Debating societies became well-established institutions in London and provincial cities, catering for the taste for public debate among the lower and middling sorts. Topics could be frivolous, but when societies debated politics, religion, and the economy they were felt to voice threateningly radical opinions.
This entry gives an overview of the clubs and societies in Edinburgh during the long eighteenth century. These were indeed a reflection of the expectations of the Scottish society.
The eighteenth century saw a proliferation of so-called Hell-fire Clubs, the members of which were invariably accused by society of promoting heavy drinking, sexual license, blasphemy, and Satanism, even if reality differed considerably from club to club.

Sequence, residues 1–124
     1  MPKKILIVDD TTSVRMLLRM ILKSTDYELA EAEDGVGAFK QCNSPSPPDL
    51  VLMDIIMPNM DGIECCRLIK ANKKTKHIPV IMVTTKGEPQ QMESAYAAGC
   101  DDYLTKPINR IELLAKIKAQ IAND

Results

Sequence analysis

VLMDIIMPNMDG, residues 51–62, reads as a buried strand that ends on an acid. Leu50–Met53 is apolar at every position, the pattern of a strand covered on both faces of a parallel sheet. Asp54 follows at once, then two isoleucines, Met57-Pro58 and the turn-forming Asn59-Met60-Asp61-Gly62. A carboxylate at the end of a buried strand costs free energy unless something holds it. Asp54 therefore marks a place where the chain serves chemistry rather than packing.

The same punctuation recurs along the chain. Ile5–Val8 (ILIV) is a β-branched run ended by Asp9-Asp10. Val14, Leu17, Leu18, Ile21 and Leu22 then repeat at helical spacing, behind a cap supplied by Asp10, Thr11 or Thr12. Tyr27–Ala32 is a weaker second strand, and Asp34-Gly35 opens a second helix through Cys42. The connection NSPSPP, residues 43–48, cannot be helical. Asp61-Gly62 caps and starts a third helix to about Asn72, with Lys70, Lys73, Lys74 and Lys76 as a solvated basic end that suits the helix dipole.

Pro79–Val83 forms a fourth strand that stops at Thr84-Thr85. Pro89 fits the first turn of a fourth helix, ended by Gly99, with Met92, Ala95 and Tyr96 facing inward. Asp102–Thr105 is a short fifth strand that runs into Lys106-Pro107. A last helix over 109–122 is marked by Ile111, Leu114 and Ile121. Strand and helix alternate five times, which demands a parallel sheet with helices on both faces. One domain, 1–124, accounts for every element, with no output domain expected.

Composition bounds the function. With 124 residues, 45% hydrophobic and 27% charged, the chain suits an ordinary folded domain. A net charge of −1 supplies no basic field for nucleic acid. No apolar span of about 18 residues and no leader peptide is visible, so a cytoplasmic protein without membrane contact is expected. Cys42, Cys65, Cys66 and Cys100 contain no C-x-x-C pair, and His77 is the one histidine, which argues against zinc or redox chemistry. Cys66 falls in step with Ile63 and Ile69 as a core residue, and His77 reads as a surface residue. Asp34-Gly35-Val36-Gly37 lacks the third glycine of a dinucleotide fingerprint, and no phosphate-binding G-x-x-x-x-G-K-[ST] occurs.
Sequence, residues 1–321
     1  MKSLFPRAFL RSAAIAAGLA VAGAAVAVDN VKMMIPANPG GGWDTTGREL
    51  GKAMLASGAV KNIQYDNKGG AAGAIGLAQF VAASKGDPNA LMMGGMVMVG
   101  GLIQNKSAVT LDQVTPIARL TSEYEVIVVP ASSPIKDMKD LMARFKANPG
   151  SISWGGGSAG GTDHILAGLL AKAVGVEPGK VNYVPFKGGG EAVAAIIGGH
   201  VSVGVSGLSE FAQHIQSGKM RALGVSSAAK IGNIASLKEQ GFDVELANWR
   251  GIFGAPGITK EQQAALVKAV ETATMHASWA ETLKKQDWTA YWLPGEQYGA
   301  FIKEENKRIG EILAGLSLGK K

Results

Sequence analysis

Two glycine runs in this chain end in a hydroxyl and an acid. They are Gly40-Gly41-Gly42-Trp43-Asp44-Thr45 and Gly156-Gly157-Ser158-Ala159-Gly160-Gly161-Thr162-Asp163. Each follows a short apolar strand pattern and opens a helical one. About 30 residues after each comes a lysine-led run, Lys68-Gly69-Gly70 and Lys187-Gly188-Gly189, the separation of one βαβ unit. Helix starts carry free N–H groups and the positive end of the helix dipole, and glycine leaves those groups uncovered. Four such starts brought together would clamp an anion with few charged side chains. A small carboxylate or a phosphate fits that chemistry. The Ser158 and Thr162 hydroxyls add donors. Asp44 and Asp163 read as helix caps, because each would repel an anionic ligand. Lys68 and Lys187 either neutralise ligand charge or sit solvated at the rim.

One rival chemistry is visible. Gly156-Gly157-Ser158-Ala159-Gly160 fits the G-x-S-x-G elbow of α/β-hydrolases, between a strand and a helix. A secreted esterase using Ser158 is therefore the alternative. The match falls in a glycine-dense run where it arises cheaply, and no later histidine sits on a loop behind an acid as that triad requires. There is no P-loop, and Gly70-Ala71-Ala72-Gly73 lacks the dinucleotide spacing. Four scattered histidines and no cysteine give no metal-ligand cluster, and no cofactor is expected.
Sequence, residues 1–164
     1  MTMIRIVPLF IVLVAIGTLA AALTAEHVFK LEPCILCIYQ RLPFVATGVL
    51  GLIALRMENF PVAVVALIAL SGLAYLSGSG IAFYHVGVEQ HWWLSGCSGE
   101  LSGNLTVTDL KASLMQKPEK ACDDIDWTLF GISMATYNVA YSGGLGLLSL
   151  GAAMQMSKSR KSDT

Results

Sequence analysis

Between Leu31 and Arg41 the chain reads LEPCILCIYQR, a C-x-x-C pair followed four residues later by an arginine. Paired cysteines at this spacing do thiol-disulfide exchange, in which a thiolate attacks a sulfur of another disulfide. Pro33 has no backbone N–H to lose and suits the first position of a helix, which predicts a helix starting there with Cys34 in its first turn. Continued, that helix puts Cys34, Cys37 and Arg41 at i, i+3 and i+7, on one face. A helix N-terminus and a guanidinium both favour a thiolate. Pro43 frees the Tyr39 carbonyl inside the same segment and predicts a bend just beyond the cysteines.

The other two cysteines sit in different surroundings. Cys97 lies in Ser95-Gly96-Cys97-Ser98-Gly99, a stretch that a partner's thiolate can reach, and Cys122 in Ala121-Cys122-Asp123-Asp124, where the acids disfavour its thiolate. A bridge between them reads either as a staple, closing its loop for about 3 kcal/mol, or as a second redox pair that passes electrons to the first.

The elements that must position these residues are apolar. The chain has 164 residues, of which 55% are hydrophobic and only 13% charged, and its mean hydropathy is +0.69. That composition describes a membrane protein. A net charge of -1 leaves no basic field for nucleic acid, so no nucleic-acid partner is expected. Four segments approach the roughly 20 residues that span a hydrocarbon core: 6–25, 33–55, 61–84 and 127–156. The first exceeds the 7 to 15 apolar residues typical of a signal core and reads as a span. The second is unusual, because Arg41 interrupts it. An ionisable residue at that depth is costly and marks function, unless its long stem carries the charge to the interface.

Early modern literary academies were spaces of in-person and epistolary interaction and intellectual sociability. From the highly institutionalised royal academies to the academies salonnières of Italy, they incarnated the practices of the educated, intellectual classes in Europe.
This entry examines the political clubs of the French Revolution, focusing especially on the Jacobin Club. It explores the reasons why the clubs strayed from their initial ideals of civil debate and succumbed to lethal factionalism.
Founded in 1660, the Royal Society is the world’s oldest scientific institution. In the long eighteenth century, fellows dedicated themselves to understanding the causes of natural and artificial phenomena, but the activities that brought them together were also profoundly social and dictated by social convention.